I'm not sure if I'm using the correct terminology here, but I think what I need is a resistance multiplier.
I have a situation with my vehicle that I think I can remedy with a (relatively) simple circuit, but I am not knowledgeable enough to work out how to do it.
My car actually has two fuel level sending units, one in each side of a saddle style tank.
Each sending unit is essentially a potentiometer with a max value of about 200 ohms and a min value of very close to 0 ohms. More ohms == less fuel in the tank, and 0 ohms means the tank is full.
They are wired in series.
There is a short in one of the units and it has no resistance, so the computer thinks this side of the tank is completely full. The other side works fine, and that is the side that has the electric fuel pump so that's the side that really matters anyway.
As a consequence, the fuel gauge reads about half empty when it is actually empty!! This is ok for me for now, and I can watch the mileage on the odometer to know when it needs fuel too, but I would really like to fix this up, esp if it's not too tough to do. The sending units are a lot of work to replace and very expensive, and junk yards don't seem to keep the one that I need, keeping only the 'electric pump' side.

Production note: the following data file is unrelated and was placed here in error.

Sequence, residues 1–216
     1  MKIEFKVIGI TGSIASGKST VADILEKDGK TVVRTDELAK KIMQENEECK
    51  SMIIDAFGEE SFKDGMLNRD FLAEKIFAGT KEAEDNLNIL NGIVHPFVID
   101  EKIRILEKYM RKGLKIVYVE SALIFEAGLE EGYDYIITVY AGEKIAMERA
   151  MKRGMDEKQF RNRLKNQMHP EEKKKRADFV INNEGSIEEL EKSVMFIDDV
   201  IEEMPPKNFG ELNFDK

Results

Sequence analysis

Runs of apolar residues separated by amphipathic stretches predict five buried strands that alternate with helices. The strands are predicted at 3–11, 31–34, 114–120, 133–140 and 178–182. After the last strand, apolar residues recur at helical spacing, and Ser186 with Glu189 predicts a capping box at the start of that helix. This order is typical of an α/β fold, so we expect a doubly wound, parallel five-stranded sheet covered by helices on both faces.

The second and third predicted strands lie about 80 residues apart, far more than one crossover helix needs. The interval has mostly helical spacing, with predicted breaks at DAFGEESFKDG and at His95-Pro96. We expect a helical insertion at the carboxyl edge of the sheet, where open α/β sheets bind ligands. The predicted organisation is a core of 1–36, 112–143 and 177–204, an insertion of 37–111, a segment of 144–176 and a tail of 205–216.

What I'd really like to do is have a circuit of some kind that effectively doubles the resistance of the one sending unit that does work so that completely full is still 0 ohms, but completely empty would be 400 ohms rather than 200 ohms. This way the fuel gauge would read completely full or completely empty based on only the one sending unit. There is an ejector pump that pumps fuel from the other side of the saddle tank, so the levels should be relatively close anyway, and also, as I said before, the electric pump is the one that needs the fuel anyway so in the end I really only care about what's on the side with the working sending unit.
Anyway, I'm sure this is possible, but I'm not sure how to do it, so I put it to the board.